Photo : Laurent Lecat

Receiver, 2019

At the entrance to the olive grove, Receiver rears up like a guardian from another age, a creature that is both male and female, human and monstrous. Cast from sculpted cork, Huma Bhabha’s piece uses the artist’s aesthetic language informed by the multiculturalism of her native Karachi, an historical crossroads between the East and the West. She has developed a body of work based on the topics of colonialism, war, displace­ment, and the history of art. Here, Huma Bhabha imagines a kind of hybrid, by turns inspired by ancient Greek statues, the position of the Buddha with their hands together, and the universe of science fiction, where aliens are able to receive information from other beings.

Wang Keping

Born in Beijing, China, 1949

Photo : C. Moirenc
Photo : C. Moirenc

LOLO, 2018

A bronze sculpture by Wang Keping created from a smaller work in wood, LOLO expresses a femininity, that is at once simple and original as sought by the artist. To create it, Wang Keping used two shapes of the letter ‘L’ and two shapes of the letter ‘O’, which gave the work its title. The representation of women has been a constant preoccupation for the Chinese artist since his move to Paris in 1983. His sculptures of soft, generous, maternal and sensual forms recall both African statuary and the work of Brancusi. A leading figure of the Chinese artistic avant-garde and early opponent of the Communist regime, friend and contemporary of Ai Weiwei, Wang Keping continues with his works on the naked female body which is still a taboo subject in China, another form of artistic protest dedicated to the representation of beauty and feminity.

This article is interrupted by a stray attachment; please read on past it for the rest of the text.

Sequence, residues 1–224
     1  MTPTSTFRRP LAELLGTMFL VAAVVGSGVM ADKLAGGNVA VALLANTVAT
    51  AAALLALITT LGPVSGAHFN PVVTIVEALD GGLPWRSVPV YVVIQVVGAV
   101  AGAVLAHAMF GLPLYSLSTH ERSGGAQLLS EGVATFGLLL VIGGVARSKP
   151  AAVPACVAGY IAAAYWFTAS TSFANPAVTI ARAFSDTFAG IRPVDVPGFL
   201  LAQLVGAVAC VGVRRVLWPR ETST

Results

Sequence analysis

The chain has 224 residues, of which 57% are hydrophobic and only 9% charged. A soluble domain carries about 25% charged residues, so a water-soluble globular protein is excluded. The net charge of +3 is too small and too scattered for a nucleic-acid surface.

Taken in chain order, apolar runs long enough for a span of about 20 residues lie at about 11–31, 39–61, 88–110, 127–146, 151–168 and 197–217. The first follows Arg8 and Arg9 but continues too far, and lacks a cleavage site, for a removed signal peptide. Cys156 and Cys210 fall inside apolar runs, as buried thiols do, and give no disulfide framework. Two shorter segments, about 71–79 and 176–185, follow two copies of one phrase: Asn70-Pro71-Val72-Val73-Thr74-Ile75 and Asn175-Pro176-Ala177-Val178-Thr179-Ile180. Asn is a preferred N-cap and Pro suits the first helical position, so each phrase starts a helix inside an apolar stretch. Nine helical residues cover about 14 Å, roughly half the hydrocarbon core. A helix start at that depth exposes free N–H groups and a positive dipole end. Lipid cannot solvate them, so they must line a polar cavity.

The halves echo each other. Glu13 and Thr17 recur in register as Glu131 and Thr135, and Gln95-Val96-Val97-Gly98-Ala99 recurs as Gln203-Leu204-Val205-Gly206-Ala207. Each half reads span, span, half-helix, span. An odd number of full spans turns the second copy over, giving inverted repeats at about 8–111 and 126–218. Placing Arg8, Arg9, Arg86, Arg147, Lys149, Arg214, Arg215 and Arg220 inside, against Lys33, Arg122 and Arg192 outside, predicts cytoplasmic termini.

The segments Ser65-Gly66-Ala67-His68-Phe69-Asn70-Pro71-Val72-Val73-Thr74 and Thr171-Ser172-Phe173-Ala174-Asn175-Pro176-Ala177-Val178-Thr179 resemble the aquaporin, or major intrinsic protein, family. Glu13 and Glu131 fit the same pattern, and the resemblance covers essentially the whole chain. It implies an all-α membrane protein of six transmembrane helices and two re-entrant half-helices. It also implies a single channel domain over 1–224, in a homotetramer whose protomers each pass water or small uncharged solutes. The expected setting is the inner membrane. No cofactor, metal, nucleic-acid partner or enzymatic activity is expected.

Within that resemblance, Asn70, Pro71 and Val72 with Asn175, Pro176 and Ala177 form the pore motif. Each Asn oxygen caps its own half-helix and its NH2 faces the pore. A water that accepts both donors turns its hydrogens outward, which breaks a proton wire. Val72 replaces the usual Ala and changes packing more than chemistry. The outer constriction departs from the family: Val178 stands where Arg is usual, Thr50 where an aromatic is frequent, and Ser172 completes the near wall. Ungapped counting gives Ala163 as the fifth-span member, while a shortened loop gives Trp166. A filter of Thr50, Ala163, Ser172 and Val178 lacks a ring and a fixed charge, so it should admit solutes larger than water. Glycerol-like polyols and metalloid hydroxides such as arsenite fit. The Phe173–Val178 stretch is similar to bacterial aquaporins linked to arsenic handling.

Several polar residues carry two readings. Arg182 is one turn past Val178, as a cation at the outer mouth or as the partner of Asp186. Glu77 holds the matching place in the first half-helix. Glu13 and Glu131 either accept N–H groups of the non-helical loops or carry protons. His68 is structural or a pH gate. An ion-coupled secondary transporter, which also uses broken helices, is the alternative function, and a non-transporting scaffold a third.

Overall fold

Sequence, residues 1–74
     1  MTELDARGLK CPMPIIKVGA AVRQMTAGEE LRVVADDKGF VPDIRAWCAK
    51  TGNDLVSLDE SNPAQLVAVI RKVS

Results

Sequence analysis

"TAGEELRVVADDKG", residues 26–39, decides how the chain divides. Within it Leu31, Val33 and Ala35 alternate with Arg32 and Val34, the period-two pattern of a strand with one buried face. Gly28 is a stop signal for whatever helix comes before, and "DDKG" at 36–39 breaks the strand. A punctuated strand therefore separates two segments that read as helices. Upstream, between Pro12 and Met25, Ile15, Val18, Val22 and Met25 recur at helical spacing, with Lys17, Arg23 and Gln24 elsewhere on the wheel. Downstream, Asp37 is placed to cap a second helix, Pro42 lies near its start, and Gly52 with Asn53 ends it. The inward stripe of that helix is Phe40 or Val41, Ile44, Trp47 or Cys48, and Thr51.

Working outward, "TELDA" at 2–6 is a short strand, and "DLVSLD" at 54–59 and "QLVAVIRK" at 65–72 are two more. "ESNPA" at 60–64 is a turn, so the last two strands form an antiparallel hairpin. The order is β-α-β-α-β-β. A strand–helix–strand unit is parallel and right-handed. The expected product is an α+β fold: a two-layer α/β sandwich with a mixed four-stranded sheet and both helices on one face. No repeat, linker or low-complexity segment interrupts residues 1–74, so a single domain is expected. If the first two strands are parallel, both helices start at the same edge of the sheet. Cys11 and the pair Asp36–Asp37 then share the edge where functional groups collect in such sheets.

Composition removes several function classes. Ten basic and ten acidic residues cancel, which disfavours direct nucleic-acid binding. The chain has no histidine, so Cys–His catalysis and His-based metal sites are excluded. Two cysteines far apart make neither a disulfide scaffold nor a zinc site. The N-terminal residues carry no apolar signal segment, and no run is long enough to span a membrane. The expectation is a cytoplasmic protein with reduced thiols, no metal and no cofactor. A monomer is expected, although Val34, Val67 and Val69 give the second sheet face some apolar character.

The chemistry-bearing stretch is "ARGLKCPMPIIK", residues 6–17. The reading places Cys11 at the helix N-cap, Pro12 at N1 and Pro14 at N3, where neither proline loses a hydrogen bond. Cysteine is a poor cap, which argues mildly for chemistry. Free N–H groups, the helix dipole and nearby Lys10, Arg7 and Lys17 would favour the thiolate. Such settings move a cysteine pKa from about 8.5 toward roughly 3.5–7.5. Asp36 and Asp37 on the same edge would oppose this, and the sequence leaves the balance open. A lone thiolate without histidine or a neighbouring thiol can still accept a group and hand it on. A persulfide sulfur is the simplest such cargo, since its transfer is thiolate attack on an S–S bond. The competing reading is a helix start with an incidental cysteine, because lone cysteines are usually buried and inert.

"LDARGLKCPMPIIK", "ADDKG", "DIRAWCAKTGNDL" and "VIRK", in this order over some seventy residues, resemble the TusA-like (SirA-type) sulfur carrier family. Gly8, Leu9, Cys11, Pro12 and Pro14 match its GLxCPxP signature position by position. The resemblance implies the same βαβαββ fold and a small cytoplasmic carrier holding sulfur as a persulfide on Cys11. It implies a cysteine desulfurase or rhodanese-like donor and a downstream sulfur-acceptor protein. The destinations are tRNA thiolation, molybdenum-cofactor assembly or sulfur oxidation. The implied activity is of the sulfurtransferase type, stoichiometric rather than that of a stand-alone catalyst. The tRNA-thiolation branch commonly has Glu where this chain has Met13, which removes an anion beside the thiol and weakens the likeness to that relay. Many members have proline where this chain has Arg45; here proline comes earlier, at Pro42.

Olaf Breuning

Born in Schaffhausen, Switzerland, 1970

Photo : C. Moirenc
Photo : C. Moirenc

Mother Nature, 2018

This monumental sculpture was created from an existing drawing by the Swiss artist Olaf Breuning. The journey from the second to the third dimension, on this scale and in this environment, completes the work’s caustic and offbeat character. Faithful to the irony that characterises his work, the artist does not hesitate to install a monstrous, devouring Mother Nature in the middle of a protected natural area. ‘I am Mother Nature and I will eat you’. The message is clear, preventative, in bright red. Mother Nature warns us about herself – a nurturing mother who has been exploited for too long and who may turn against her own children. Nature always reclaims her rights. She seems to tell us, men just need to behave well.

NILS-UDO

Born in Lauf an der Pegnitz, Germany, 1937

Photo : Nils-Udo
Photo : Nils-Udo

La Couvée, 2018

Hidden in the forest, the five giant eggs made of white Carrara marble by NILS-UDO wait to be hatched by the gaze of visitors who venture into the South garden. This work follows a series of other nests recently installed in Val di Sella in Italy by the German artist, world famous for his photographs and installations in nature and urban landscape. NILS-UDO is obsessed with the form and symbolism of the nest, as the first shelter, matrix and refuge. Evoking possible cycles of birth and rebirth at the end of the journey, this sculpture imposes on the viewer its scale and rhythm – those of nature and life. In harmony with its environment, as in all of NILS-UDO’s works (an artist at the forefront of the « Art in Nature » movement), La couvée/The brood invites - or even insists upon - a sense of calm, deceleration and quietness.

Jaume Plensa

Born in Barcelona, Spain, 1955

Photo : C. Moirenc
Photo : C. Moirenc

Les trois Alchimistes, 2018